• inkhorn •
ingk-horn • Hear it!
Part of Speech: Noun
Meaning: 1. (Noun; historical) Container for holding ink or carrying ink, originally made from a horn. 2. (Adjective) Pedantic, pompously learned, used only by academicians, as 'inkhorn vocabulary'.
Notes: Back in the days of the quill, before the invention of glass, ink was kept in hollowed horns. Later, when ink was stored in bottles, the name inkhorn continued to be used. (Readers under the age of 70 may be forgiven for not understanding a word of this.)
In Play: The first sense is strictly historical: "Francis Bacon (1561-1626), philosopher and statesman, loved to relax in his garden, accompanied by a servant with quill and inkhorn so that he might record his thoughts." However, today's word is current in its second sense: "Ezra Pound wrote poetry out of anachronistic myths in inkhorn lingos with arcane poetic forms."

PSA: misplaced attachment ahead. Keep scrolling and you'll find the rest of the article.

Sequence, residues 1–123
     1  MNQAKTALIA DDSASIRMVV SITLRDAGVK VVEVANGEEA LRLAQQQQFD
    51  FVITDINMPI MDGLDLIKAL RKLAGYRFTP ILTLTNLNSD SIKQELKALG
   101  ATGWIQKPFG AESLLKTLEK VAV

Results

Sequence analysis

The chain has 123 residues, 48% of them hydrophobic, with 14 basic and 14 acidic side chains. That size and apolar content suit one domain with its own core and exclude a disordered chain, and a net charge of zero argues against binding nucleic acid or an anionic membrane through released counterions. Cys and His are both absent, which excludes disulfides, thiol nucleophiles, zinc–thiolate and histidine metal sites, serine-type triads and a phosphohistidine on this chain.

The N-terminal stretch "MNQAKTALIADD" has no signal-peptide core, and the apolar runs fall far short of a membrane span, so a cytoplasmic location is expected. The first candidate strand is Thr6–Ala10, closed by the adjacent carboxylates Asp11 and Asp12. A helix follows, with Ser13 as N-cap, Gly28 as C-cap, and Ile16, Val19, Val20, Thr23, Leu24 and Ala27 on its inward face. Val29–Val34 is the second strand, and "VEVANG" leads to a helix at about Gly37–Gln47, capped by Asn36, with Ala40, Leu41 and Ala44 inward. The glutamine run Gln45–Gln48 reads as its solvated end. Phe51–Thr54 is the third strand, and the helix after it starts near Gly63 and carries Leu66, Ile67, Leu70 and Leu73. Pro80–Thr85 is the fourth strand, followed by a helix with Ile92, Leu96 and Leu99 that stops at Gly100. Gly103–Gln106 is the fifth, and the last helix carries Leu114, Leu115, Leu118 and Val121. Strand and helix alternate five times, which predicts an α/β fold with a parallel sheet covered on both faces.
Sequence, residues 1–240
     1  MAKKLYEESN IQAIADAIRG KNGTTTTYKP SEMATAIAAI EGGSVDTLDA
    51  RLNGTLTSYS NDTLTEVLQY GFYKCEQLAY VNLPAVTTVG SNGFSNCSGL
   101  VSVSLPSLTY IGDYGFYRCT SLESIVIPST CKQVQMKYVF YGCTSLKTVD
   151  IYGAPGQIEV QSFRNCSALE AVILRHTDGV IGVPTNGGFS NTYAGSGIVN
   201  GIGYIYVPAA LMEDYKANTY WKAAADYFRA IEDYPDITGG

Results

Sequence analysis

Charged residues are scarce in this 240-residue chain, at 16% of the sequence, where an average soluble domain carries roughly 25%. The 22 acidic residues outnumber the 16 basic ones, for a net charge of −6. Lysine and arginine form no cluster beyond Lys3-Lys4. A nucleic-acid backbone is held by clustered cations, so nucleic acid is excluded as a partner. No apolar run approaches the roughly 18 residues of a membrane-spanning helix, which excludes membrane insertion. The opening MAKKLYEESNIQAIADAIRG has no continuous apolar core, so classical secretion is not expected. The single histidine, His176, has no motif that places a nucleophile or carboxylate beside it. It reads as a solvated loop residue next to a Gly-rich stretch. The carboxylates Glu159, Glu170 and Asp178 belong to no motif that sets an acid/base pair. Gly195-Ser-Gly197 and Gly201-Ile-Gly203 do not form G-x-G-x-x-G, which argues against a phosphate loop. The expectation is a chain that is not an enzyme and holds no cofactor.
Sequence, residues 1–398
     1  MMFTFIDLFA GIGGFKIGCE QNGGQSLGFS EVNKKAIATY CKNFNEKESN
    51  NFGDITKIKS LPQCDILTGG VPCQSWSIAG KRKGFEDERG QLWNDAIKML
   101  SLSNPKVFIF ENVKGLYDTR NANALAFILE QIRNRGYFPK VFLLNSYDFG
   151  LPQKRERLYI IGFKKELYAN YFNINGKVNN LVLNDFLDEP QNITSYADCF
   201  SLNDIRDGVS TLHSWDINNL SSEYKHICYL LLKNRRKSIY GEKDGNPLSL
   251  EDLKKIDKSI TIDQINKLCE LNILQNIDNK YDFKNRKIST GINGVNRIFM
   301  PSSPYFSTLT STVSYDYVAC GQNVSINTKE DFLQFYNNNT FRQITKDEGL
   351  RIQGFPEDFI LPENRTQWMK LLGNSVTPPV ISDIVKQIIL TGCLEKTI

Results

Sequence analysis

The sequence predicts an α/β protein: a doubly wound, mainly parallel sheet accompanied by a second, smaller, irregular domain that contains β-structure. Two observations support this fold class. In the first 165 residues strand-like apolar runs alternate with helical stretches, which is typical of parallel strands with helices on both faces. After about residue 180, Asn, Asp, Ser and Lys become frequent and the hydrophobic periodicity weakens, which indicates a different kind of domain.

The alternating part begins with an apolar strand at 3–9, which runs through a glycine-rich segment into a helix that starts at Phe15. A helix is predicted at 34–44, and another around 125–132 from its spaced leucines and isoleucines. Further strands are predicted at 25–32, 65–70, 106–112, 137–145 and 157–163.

Word History: Today's Good Word is obviously a compound comprising ink + horn. Ink is an English remanufacture of Old French encre, from a clipping of Late Latin encauston "ink", borrowed from Greek enkauston. The Greek word is composed of en "in" + kaiein "to burn", source also of kaustikos "corrosive", borrowed by English as caustic. Horn goes back to PIE ker-/kor- "horn; head", which emerged in Latin as cornu "horn, antler", as in cornucopia "horn of plenty". Carrot was borrowed from Greek karoton "carrot" from the same source, since a carrot's shape is pretty much that of a horn. (Thanks now to our old friend and my former student Sue Gold of Westtown School for sharing such an arcane Good Word with us.)
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